Inquiry and enquiry sound the same (ɪnkwaɪəri), but have different meanings in British English. Inquiry means ‘official investigation’ – e.g. The government launched an inquiry into corruption. Enquiry means ‘a question about something’ – e.g. The gym received an enquiry about its opening hours. Americans only use inquiry.
Inquiry or Enquiry?
If you speak American English, you can use inquiry to ask questions or carry out an official investigation – there is no difference:
The main thing to think about in British English is why the person or organisation is asking the question. If the question is for general information, use enquiry:
If we are talking about an investigation conducted by an official organisation, we use inquiry:
The relationship between the people or organisation is not always important. For example, a manager-employee relationship is an ‘official’ one, but the reason the manager asks a question might not be part of an investigation:
The second example is incorrect because the manager is just asking questions; it is not an official investigation.
For an official investigation, use inquiry:
The first example is correct because the manager has conducted an official investigation that may contain statistics, data, and a verdict.
Here are some more examples of correct and incorrect usage of inquiry vs. enquiry:
Another way you can check whether you are using inquiry and enquiry correctly is to try changing the word inquiry to investigation – e.g. The inquiry revealed that income inequality had increased can also be, The investigation revealed that income inequality had increased.
Likewise, try changing enquiry to question – e.g. The football manager made some enquires about the players available on the transfer market can also be, The football manager had some questions regarding the players available on the transfer market.
The difference between enquiry and question is that we use enquiry in a polite or formal situation – e.g. May I make some enquiries regarding my dinner reservation?
Inquiry (noun) means: ‘an official investigation into something’.
Synonyms: Investigation, analysis, evaluation, examination
Set expressions: Line of inquiry (a particular way of researching something) – e.g. Good cop / bad cop proved to be a useless line of inquiry, murder inquiry, judicial inquiry, government inquiry, independent inquiry.
A method of investigation or obtaining information – e.g. The scientist needed another means of inquiry to evidence her findings.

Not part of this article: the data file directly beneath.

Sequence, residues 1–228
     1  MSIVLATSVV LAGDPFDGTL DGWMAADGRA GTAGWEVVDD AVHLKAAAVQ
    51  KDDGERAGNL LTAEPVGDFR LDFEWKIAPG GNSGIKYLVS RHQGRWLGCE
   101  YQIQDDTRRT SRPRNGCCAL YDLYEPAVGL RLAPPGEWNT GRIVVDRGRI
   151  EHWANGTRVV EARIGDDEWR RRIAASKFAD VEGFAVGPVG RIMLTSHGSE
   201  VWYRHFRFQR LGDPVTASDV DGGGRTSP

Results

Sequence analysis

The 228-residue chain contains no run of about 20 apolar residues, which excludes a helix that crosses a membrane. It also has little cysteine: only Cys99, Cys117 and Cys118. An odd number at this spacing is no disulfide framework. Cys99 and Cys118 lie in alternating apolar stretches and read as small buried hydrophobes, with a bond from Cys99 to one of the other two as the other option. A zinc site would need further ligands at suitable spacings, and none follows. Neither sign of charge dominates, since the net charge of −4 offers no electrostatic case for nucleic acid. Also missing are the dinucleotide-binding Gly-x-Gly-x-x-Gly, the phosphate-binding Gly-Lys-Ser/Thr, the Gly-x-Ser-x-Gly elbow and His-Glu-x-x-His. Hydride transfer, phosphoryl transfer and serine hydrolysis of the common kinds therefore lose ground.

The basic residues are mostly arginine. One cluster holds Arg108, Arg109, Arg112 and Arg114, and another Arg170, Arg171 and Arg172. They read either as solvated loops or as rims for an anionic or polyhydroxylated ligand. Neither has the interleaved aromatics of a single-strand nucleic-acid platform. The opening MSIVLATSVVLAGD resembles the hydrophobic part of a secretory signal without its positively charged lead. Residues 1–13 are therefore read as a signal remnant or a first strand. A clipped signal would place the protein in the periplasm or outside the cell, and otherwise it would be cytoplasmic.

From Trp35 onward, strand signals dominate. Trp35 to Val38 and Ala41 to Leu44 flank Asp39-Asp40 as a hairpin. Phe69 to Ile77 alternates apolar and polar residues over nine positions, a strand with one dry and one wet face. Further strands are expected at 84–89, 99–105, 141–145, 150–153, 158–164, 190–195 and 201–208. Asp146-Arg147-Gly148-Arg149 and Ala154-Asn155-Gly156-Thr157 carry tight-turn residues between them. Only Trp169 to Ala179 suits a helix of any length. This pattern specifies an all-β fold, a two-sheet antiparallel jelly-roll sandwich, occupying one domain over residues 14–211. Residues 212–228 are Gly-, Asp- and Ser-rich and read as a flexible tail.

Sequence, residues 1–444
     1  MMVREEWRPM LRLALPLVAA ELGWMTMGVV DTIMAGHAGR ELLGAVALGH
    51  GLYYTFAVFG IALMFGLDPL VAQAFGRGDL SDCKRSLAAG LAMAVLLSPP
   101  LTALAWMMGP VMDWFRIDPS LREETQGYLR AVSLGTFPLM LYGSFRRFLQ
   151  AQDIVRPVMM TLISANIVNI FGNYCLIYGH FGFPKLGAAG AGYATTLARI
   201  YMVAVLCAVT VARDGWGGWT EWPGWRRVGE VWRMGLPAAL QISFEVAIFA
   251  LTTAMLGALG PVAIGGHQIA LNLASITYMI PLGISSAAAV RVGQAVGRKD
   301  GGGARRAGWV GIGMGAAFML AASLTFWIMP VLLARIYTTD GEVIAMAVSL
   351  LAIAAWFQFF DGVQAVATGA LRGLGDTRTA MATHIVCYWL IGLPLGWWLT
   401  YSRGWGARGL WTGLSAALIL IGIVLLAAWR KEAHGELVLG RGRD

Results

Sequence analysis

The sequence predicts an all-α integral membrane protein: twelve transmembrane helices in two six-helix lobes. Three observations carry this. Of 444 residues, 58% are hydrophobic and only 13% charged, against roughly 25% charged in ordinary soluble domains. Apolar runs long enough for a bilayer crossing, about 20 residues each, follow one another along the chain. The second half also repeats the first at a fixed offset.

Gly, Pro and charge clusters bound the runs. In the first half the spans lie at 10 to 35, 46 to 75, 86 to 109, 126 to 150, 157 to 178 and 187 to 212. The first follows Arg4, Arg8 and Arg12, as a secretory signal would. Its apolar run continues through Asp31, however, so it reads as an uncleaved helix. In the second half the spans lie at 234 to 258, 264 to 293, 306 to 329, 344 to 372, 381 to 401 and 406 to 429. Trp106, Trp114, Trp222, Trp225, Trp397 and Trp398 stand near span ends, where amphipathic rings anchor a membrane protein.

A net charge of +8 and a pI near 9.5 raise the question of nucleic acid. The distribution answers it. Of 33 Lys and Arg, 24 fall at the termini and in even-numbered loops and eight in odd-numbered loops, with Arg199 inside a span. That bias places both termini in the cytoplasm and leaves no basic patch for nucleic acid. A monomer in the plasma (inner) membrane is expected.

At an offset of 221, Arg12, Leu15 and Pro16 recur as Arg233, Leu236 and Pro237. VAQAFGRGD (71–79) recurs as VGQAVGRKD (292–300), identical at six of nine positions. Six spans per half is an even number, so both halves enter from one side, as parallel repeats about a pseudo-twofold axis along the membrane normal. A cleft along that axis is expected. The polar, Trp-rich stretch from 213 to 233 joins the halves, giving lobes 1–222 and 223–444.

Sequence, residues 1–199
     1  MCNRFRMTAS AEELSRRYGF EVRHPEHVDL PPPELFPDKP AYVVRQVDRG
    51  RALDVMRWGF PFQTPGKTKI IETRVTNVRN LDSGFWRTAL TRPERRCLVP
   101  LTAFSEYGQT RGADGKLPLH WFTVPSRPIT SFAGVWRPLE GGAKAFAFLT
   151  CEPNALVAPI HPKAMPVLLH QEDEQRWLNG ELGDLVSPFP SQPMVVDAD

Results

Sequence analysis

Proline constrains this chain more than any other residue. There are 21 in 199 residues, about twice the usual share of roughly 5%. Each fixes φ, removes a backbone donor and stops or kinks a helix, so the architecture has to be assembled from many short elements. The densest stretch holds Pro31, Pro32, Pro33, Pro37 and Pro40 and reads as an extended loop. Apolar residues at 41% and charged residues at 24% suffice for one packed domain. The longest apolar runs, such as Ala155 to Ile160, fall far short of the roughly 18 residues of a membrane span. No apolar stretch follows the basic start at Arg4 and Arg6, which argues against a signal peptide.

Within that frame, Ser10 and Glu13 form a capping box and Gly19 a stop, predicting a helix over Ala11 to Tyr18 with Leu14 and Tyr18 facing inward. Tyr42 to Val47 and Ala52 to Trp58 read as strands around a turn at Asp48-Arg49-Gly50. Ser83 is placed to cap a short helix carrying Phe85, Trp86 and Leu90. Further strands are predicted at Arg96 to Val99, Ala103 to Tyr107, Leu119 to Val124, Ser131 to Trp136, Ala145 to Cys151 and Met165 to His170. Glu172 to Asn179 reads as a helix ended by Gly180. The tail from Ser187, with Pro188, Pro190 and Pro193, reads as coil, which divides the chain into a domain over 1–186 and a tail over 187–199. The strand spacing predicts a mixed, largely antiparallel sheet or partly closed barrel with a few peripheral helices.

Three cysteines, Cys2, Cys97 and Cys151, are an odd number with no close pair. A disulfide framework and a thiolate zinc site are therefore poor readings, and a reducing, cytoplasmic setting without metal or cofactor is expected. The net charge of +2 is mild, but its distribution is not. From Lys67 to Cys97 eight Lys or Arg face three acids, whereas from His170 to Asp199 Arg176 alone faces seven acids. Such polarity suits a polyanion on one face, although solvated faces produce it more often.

Examples with inquiry in a sentence:
Enquiry (noun) means: ‘a question about something’.
Synonyms: Question, query.
Set expressions: Often used in a compound noun for places where we can obtain information: enquiries, enquiry desk, National Rail Enquiries.
Examples with enquiry in a sentence:
There are also verb (action word) forms of inquiry and enquiry: inquire and enquire. The difference between these words is a little more confusing!
Again, in American English, we just use inquire. However, in British English we have to think about what we said above: an inquiry is ‘an official investigation’ and an enquiry is a ‘formal way of saying a question’. Inquire and enquire both mean ‘to ask a question’. The difference is that to inquire means ‘to ask a question that provides evidence for an investigation’:
The first example is correct because the answer to the question helps create evidence for the police investigation.
We use to enquire for questions about more general purposes:
The first example is correct because Lindsay is calling to ask a general question; the answer will not form part of an official investigation.
You can find many cases of inquiry and enquiry (and inquire and enquire) being used interchangeably – just look at the dictionary definitions! So don’t worry if you find it confusing. In fact, many experts disagree on the topic.
Try these exercises to test your understanding of the differences between inquiry and enquiry. Remember to ask yourself: why is this person or organisation asking questions? Is it for an investigation (inquiry) or is it for general information (enquiry)?
Phrasal verbs are commonly used by native speakers in everyday conversation so it’s important to learn them if you want to sound more natural in English. In this study guide, we will teach you 19 phrasal verbs with ‘get’. You will learn all of their meanings through clear explanations and example sentences. Don’t forget to test your knowledge with the exercises at the end! Continue reading